|Jan7-13, 10:26 PM||#1|
Resonance and conservation of energy
We're studying sound waves in Physics and my instructor did a quick demo showing resonance with a tuning fork. He showed that when a tuning fork is struck and then connected to a resonating cavity, the sound is substantially amplified. I understand that resonance arises due to sound waves bouncing back and forth in the cavity and amplifying themselves, but I'm having a hard time understanding the greater intensity of sound waves that my ear perceives in terms of energy conservation.
When the tuning fork is not connected to the resonant cavity, the sound is relatively tinny. When it is connected to the cavity, the sound is much greater. Doesn't the latter scenario seem to imply that the tuning fork is somehow giving off energy at a greater rate to produce the greater intensity of sound when connected to the resonant cavity?
Ultimately, whether the tuning fork is connected to a cavity or not, the energy that it gives off as sound waves must come from the deformation of the tuning fork (which is initially elastic potential energy coming from striking and deforming the tuning fork... right?) from the initial strike. It seems to me that the entire object (tuning fork + cavity) is giving off much more energy when struck in this case, but I can't see how resonance would account for this. What am I missing here?
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|Jan7-13, 11:16 PM||#2|
Alexander83, Welcome to Physics Forums!
When a tuning fork is vibrating in air it radiates sound waves in all directions. This is called “spherical spreading”. The energy radiated is dissipated omnidirectionally.
The tuning fork does not increase its acoustic energy output when in contact with the cavity. The resonant cavity stores each incoming wave in phase and therefore it stores the vibrational energy. This is heard as an increases the sound amplitude.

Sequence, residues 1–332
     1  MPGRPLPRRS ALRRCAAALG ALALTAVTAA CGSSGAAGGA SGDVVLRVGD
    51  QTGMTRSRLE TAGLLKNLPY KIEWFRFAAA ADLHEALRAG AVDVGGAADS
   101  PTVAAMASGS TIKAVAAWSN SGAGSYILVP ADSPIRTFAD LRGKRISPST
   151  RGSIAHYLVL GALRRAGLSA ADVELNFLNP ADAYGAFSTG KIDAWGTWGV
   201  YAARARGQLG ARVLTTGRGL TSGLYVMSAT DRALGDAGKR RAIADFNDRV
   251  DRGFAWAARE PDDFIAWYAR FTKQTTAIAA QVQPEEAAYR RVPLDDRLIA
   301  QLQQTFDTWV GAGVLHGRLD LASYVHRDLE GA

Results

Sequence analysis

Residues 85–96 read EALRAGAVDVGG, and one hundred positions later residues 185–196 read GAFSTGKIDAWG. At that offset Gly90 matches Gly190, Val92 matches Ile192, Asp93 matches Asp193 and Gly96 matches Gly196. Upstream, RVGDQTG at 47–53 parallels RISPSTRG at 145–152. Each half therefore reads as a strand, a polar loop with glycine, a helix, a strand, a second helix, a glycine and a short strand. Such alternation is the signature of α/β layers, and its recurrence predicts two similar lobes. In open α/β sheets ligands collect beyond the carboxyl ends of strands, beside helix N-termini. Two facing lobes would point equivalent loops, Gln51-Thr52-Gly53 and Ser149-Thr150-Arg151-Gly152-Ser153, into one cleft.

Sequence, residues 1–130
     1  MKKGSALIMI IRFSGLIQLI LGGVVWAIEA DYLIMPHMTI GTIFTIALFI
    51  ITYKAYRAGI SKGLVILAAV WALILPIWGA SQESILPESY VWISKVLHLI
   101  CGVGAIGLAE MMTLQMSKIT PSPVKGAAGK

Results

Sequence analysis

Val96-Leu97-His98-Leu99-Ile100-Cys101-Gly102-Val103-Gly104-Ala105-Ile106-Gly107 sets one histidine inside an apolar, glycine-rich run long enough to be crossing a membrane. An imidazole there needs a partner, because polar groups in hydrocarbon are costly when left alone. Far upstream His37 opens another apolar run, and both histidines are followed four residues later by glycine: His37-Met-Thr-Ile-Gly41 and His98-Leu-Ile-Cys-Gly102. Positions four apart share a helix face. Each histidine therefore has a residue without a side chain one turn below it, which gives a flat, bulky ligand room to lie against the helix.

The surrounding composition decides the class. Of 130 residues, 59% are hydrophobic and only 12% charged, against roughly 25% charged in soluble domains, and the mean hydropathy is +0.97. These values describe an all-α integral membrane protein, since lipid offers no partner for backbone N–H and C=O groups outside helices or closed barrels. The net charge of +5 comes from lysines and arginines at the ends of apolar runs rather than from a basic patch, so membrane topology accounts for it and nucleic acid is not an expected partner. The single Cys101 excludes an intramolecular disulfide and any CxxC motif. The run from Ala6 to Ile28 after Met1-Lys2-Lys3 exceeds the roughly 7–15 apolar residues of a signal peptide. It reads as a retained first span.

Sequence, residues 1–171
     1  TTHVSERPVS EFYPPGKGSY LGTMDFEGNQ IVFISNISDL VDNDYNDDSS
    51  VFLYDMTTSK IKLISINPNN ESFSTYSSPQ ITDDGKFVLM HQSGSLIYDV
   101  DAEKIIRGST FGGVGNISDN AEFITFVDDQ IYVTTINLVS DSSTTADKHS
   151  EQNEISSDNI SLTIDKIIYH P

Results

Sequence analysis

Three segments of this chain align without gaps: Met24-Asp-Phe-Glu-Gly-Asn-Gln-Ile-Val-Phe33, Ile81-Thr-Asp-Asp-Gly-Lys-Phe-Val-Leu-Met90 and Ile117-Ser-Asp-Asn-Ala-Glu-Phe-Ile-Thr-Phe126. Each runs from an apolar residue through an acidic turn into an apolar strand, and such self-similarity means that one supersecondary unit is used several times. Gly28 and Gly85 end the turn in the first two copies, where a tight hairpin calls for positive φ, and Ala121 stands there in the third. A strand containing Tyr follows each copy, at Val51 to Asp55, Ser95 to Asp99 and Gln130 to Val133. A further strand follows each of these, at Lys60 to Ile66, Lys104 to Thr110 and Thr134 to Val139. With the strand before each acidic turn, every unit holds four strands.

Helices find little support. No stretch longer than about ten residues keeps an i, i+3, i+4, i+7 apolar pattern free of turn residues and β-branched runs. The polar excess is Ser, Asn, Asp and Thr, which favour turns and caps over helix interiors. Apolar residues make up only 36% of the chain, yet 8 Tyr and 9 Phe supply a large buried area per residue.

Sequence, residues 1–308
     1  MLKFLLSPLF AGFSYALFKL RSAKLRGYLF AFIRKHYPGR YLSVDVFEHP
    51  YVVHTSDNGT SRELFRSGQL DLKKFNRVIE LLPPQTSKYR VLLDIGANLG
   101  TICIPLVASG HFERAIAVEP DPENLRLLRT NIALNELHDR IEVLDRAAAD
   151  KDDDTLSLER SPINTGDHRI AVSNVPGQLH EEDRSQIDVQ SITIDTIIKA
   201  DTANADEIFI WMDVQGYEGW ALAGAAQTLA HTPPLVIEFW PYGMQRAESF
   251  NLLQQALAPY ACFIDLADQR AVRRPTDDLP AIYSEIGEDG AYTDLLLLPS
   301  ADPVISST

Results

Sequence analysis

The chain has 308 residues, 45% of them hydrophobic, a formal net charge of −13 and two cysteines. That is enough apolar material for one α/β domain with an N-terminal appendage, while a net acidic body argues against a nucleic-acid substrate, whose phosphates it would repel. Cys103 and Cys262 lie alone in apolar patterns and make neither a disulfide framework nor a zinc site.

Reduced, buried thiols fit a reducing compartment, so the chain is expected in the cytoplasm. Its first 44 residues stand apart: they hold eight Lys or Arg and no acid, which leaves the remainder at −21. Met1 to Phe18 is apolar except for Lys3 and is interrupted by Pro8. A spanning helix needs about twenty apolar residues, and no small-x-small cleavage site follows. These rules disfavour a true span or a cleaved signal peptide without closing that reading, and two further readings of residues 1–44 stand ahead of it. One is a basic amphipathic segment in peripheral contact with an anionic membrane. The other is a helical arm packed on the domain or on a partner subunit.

“In physics, resonance is the tendency of a system to oscillate with greater amplitude at some frequencies than at others. Frequencies at which the response amplitude is a relative maximum are known as the system's resonant frequencies, or resonance frequencies. At these frequencies, even small periodic driving forces can produce large amplitude oscillations, because the system stores vibrational energy.
|Jan7-13, 11:32 PM||#3|
Thanks for the response. A couple of quick follow up questions if you have time.
i) The cavity can't trap all of the incoming energy as some of the energy must still propagate outwards from it for it to be perceptible to our ears. The way I understand it, when the waves bounce back and forth in the cavity, a portion of each wave reflects from the open end of the cavity (this is the portion that increases the amplitude of the waves in the cavity?) and a certain portion is transmitted (which is what our ears perceive?). Is this correct?
ii) You state that the standalone tuning fork radiates energy omnidirectionally. Does the cavity end up concentrating some of this energy into particular dissipation directions? Is this part of the reason for the perceived greater intensity... that some of the energy that would be directed omnidirectionally is preferentially re-directed in particular directions?
Thanks again for your reply!
|Jan8-13, 02:39 PM||#4|
Resonance and conservation of energy